If in fact it does provide DC power, you can use this signal to power a SSR (an SSR is a Solid State Relay, in other words it is a switch that uses a low voltage, low current signal to turn off and on a "SWITCH" for the high voltage, high current load)
    If the thermostat "output" is switch, it would be a little more invoved to wire, but It could be done.
    The SSR that I referenced and purchased is rated for up to 400 volts and 25 amps. they also carry SSR's rated for upto 100 amps. The 25 amp model is going for $15 and the 100 amp model $40.

    All the parts I purchased came to just under $100...All this to control the temp on a $55 casting pot...LOL
    Shotgun Luckey
    SASS #42629
    I'm not a top Cowboy Action Shooter, so I HAVE to look good doing it.



  7. #7
    Boolit Buddy Shotgun Luckey's Avatar
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    Quote Originally Posted by no_1 View Post
    Great post Luckey! Is there any chance you can post pictures?

    R.
    I would love to but I haven't figured out how to do that yet!!!
    Shotgun Luckey
    SASS #42629
    I'm not a top Cowboy Action Shooter, so I HAVE to look good doing it.



  8. #8
    Boolit Master

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    OK Shotgun Lucky;
    Well, in spite of not picking up on some of the details of my set up, You've targeted my problem. Neat!!
    My thermostat was originally (at the mill) using 110V to signal/trip the $200 plus switch to relay the 220V to the pot. Tho, I'm sure, it could do it with D.C. I see no need to purchase a DC source for this.
    I guess what I need to know now is==Is an SSR ONLY for DC in,AC out? Or can they do 110AC in, 220VAC out? Where do I find an affordable SSR? OR do I go back to my idiot lights?
    Well, it's been interesting. Thanks a bunch.
    Pepe Ray
    The way is ONLY through HIM.

  9. #9
    Boolit Master uncle joe's Avatar
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    shotgun
    try this site we buy stuff from them all the time good prices and sounds like you may need a heavy duty relay to control the element. Be sure you check how many amps it pulls and get a relay a little over rated to handle it.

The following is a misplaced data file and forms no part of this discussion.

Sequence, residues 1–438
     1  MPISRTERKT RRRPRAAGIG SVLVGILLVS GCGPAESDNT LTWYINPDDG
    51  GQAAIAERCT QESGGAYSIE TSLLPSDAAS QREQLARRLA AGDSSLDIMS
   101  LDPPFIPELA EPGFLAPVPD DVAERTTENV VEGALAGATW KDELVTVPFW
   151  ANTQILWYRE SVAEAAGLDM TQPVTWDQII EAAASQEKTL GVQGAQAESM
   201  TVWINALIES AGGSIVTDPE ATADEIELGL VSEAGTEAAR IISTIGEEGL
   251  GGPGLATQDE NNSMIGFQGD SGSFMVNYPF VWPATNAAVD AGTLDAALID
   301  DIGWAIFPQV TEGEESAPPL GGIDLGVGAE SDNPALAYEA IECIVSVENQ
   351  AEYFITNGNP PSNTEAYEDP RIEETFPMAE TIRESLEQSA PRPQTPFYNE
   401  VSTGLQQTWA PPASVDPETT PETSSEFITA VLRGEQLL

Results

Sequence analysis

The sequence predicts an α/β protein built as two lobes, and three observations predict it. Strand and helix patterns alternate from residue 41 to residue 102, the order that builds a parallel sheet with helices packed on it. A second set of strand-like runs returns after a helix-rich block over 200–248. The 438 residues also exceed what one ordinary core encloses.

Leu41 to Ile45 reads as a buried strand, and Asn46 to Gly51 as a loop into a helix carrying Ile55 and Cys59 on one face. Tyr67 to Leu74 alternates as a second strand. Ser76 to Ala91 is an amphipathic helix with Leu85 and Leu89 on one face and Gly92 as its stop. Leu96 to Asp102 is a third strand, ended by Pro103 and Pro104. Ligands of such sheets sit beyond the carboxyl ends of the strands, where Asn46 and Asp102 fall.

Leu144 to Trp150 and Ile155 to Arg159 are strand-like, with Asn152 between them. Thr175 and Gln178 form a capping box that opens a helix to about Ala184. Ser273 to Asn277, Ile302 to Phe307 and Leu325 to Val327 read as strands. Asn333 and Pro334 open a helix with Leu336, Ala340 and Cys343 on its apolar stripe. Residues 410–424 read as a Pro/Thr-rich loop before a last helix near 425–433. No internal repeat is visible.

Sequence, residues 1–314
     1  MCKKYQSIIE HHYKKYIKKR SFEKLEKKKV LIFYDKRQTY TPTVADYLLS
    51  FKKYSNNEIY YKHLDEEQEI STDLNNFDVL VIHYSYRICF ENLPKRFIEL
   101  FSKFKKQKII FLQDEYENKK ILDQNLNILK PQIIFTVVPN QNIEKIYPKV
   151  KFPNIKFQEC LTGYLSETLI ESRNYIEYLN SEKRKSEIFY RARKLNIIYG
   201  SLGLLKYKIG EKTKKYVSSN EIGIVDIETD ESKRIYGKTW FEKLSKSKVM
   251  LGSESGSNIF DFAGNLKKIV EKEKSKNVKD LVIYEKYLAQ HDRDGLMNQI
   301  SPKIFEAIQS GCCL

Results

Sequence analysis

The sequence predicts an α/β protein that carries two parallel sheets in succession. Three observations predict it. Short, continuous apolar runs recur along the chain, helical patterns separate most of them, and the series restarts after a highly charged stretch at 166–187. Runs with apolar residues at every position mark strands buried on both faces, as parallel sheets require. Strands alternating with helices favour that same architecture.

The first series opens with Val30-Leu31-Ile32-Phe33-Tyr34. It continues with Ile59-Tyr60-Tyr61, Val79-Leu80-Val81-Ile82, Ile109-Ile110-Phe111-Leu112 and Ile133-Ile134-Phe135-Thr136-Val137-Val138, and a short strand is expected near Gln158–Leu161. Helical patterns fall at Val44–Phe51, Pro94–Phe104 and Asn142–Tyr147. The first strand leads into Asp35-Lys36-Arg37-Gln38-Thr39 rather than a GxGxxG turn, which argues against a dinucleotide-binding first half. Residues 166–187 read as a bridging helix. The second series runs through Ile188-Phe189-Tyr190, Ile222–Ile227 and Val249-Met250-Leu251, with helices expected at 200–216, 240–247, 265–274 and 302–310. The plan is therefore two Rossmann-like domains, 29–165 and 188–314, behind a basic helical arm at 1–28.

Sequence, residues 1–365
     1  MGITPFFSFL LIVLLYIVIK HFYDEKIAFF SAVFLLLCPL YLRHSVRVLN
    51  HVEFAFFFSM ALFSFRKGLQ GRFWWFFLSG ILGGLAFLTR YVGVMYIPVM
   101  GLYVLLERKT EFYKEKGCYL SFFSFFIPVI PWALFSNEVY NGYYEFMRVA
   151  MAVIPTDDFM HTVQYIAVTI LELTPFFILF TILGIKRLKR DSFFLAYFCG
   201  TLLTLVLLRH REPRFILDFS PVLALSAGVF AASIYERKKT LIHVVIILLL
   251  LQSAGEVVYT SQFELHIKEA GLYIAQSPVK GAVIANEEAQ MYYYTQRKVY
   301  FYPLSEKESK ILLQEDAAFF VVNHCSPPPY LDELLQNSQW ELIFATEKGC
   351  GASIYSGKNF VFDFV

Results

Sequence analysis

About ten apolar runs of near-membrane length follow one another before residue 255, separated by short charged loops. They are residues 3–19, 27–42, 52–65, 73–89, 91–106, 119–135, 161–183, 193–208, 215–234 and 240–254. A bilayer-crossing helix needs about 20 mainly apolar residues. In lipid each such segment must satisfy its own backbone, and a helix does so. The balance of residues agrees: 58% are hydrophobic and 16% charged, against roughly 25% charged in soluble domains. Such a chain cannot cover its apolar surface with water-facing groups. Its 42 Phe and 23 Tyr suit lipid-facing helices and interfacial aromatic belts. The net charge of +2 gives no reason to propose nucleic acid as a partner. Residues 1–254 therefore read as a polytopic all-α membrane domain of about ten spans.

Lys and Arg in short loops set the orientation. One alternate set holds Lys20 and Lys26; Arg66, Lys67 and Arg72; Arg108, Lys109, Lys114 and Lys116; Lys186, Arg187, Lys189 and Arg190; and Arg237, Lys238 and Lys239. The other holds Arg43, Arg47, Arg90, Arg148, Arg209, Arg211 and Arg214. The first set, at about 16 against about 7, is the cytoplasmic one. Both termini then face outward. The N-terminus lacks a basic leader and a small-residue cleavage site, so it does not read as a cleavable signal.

http://web5.automationdirect.com/adc...ds/9_to_25_Amp

    ps pid stands for proportinal intergral derivative basically it adjusts the output based on how far off the actual or measured temp is off from the set point. It will learn the temp ups and downs and start trying to compensate for differences quicker. I would suggest you run it for some time then while running push the auto tune button and it will use all the past data it has saved to calculate new settings for dead bands and such.
    please post pics when you can and good luck
    Μολὼν λαβέ

  10. #10
    Boolit Buddy Shotgun Luckey's Avatar
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    here is the wiring diagram, I need to use my son's camera to take some pics of the project, my phoe just doesn't cut it
    Attached Thumbnails Attached Thumbnails Click image for larger version. 

Name:	pid low res _320x240.jpg 
Views:	5204 
Size:	33.4 KB 
ID:	8509  
    Shotgun Luckey
    SASS #42629
    I'm not a top Cowboy Action Shooter, so I HAVE to look good doing it.



  11. #11
    Boolit Master on Heavens Range
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    Let's see if I can help with the understanding of a PID controller a little bit. It helps keep me abreast of my technical writing skills.